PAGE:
The ruins are of great significance because they show the determination of a Motswana to mobilise a community into using its own resources to provide for their children.
"As a National Monument the site will provide an opportunity on the presentation of memories of the community on this school and to reminisce on the life of K T Motsete who was also founder of the Botswana Peoples Party, the country's first political party alongside Motsamai Mpho," Segadika noted.
The Gaborone Old Prison at Village, of historical and architectural value, is now a national monument. It is an important structure for public education on colonial infrastructure details, allocation and evolving ideas about prisons and imprisonment. The building features include iron bars, thick wooden doors and the division of space in the prison architecture. Also on the list is the famous Bonnington Farm in Gaborone, Block 5 that includes a farm house, stores and associated features.
This site represents the relics of the thriving pre-independence commercial farms around Gaborone. Kgosi Sechele initially allocated some of these farms (such as Bonnington and Broadhurst farms alone) to foreigners as a buffer area.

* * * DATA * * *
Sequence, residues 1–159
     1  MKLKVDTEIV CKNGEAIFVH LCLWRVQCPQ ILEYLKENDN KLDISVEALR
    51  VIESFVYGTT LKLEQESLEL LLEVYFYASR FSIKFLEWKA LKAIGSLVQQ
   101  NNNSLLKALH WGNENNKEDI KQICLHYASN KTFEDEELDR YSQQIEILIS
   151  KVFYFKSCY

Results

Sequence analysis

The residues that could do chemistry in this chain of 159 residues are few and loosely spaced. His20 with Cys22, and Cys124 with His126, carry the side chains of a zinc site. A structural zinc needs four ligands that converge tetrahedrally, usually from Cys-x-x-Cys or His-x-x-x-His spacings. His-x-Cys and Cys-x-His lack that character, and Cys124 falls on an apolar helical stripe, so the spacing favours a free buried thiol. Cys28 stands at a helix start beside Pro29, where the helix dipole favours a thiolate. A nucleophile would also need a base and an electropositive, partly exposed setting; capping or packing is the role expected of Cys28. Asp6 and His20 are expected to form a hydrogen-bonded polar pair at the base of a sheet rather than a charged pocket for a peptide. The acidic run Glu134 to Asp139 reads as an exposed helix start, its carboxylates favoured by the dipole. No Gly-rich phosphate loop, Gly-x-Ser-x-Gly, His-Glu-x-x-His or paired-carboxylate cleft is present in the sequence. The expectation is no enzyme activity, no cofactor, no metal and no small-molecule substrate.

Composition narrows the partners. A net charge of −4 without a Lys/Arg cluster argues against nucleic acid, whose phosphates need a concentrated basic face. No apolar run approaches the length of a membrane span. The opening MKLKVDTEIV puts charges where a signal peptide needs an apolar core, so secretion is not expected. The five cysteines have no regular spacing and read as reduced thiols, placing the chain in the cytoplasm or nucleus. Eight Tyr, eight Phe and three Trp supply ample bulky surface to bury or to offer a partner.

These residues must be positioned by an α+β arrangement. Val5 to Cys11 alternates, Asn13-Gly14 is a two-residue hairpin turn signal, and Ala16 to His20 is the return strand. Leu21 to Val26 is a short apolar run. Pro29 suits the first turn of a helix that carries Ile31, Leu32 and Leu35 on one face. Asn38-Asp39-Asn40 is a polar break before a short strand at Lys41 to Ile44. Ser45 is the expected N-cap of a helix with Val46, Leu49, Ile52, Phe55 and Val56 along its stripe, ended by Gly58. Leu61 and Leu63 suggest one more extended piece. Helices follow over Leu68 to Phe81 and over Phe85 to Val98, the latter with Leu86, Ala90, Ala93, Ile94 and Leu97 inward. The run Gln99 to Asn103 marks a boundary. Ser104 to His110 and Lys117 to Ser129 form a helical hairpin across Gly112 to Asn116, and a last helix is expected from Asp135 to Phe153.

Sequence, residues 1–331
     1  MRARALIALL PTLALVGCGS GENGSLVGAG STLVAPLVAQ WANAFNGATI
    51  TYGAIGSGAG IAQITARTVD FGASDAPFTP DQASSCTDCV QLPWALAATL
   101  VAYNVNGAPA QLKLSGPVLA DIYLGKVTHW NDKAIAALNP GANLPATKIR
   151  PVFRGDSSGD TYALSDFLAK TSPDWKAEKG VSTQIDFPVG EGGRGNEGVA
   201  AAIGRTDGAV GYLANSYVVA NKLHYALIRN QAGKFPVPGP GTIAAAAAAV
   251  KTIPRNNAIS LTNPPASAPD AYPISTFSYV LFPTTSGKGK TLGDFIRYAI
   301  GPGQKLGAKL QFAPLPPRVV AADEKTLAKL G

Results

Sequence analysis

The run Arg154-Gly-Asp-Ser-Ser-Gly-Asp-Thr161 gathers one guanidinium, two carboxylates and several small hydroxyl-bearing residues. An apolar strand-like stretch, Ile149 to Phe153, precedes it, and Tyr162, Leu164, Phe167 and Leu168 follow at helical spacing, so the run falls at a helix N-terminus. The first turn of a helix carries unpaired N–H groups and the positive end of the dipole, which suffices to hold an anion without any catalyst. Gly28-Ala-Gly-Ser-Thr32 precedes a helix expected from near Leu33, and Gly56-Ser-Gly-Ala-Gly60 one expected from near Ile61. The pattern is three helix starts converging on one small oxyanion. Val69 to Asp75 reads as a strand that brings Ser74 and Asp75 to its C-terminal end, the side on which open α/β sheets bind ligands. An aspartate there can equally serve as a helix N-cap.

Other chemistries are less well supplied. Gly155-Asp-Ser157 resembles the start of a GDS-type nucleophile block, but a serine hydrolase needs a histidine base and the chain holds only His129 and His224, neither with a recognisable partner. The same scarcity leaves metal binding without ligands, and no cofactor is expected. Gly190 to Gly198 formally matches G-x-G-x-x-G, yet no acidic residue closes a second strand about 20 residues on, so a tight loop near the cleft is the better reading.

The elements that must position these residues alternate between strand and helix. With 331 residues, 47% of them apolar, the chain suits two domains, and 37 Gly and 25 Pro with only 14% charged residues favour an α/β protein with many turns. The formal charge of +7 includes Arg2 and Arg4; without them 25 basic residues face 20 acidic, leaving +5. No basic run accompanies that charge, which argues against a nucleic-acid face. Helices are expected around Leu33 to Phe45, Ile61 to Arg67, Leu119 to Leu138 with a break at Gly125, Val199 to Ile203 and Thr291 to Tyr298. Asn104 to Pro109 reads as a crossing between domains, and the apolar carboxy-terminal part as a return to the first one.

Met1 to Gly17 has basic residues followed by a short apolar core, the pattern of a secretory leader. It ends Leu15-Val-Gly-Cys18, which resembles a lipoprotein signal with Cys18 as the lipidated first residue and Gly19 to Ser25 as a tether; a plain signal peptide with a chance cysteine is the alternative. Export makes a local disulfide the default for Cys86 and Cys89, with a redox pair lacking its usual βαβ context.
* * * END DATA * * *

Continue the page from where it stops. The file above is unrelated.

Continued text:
"Built by Daniel Henry Le Cordeur in the 1940s, the Bonnington silos alone were declared a National Monument in 2006 while after a study some features like farmhouse, stores, garden and a pool were later listed as monuments," Segadika noted.
Segadika said that the site is listed on understanding that the farm house and store rooms will be restored and refurbished into a botanical garden and an open air museum that uses this site to present the cultural landscape and history of Gaborone.
When Rain Clouds Gather writer Bessie Head's house in Serowe that is under the custodianship of Bessie Head Trust is now turning the house into a site museum with associated developments for public use.
The house at Sengwato Ward in Serowe was the home and area from which Bessie Head wrote her legendary literary works.
"The house is still in its original construction detail and offers an opportunity to celebrate the legacy of Bessie Amelia Head, nee Emery.
Born in Apartheid South Africa in 1937, she tenaciously turned around the circumstances of her birth, race, mental health and refuge in Serowe to offer herself as a gift to human kind," Segadika said. Head's first novel When Rain Clouds Gather was published in 1968 where she told the story of her life and of Batswana at the time.